9 Things That Don’t Shock Me, As A Perinatal Counsellor

mental health

As a therapist working in perinatal mental health, I often meet people who are scared to tell the truth about how they’re feeling.

As parents, we can worry that if we open up about some of the dark thoughts and feelings we’re having, one of the following things might happen:

  • We’ll be judged as being a bad parent.
  • The person we’re telling might not know how to handle it.
  • Our child might be taken away from us.

We live in a society that still stigmatises common (and understandable) experiences of parenthood. For some of us more than others, the threats of speaking truthfully are also very real.

But if you’re considering booking an appointment with me, I want you to know this: what you’re feeling is much more common than you know. And whatever it is, I have likely heard someone else express the same thing before. I may have even had the same thoughts myself.

Here are some of the biggest taboos that I hear parents talk about (that don’t shock me at all):

1. You regret having your children.

So many clients tell me this is one of the biggest sources of shame they carry. But the thing is – we don’t know what parenthood is actually going to be like until we do it. And there’s a ton of societal pressure to have kids. Regretting parenthood usually doesn’t mean that someone doesn’t love their child. Just that the huge lifestyle and identity change of parenthood is not for them. This feeling is not always permanent either – it can come and go through different seasons of parenting.

2. You don’t miss your child when you’re apart.

There’s this cultural narrative that parents (especially mothers) are supposed to pine for our children every time we’re parted, and miss them terribly. For some, this is their experience. But for many, they can focus on other things and (gasp!) even enjoy them when they are not in parent mode. You are allowed to do things that bring you purpose, outside of being a caregiver. And – if you do miss your child terribly – that is valid too. There’s no timeline on when you ‘should’ feel comfortable separating from them.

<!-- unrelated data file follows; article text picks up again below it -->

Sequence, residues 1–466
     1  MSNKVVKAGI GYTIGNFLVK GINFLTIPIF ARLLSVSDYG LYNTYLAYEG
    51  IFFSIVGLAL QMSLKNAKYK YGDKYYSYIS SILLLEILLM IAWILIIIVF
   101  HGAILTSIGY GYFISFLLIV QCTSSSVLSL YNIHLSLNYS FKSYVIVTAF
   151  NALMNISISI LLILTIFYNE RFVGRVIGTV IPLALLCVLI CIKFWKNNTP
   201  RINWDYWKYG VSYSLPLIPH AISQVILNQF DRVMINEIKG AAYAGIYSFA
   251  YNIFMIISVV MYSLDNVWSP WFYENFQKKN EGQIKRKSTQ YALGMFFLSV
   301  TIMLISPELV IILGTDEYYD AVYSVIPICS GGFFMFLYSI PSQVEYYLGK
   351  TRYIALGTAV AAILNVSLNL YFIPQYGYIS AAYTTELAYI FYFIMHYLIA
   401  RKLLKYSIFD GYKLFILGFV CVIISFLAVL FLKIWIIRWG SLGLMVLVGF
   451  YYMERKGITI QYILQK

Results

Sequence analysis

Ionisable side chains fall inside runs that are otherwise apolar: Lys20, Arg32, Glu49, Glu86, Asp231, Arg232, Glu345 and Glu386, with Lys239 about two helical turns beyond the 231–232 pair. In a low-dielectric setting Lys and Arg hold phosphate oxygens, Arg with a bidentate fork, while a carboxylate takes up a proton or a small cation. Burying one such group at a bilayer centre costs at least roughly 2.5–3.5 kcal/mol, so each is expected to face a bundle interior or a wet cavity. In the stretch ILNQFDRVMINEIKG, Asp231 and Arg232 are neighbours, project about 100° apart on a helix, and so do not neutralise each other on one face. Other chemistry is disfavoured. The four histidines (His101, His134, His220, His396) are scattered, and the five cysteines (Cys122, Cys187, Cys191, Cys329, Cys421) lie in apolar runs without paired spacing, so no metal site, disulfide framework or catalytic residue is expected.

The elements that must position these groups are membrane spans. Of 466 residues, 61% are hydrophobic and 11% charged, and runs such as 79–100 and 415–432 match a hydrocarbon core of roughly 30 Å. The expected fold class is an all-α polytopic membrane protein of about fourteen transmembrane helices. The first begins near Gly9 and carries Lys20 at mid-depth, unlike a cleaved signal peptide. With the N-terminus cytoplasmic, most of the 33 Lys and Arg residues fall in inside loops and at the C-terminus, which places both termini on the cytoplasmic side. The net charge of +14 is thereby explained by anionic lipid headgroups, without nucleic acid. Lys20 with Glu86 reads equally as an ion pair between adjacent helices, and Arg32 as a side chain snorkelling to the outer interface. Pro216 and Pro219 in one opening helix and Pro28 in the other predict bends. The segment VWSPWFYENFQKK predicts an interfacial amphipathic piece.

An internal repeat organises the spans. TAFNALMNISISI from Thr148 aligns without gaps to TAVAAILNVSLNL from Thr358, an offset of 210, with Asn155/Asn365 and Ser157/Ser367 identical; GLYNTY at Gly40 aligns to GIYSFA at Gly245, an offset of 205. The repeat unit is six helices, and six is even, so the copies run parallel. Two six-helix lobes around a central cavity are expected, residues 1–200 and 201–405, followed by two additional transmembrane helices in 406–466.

3. You’ve screamed at your baby.

When we think of babies, most of us think about the cute little innocent bundles of love that they are. But in new parenthood, many of us can be taken by surprise by how dysregulated we become in the face of a crying baby. Particularly if we have a trauma background or limited support as a new parent, a baby’s cries can be quite triggering, and, understandably, sometimes we might lose it. It’s ok to put your baby down in a safe space while you go and regulate yourself or get help.

4. You’ve had thoughts of your child being harmed in horrible ways.

Intrusive thoughts are something many new parents deal with – in fact, there’s some research to show that more than 80% of expectant and new parents will deal with this from time to time. These thoughts can be very scary and involve violent imagery around your child being hurt – by others, or by you. It’s important to know how common they are, and that having them does not mean you are a violent person or that you will act on these thoughts. If the thoughts are frequent and are impacting your life or well-being, support is available. This page contains great information around managing and seeking help for intrusive thoughts.

5. You can’t wait to go back to work.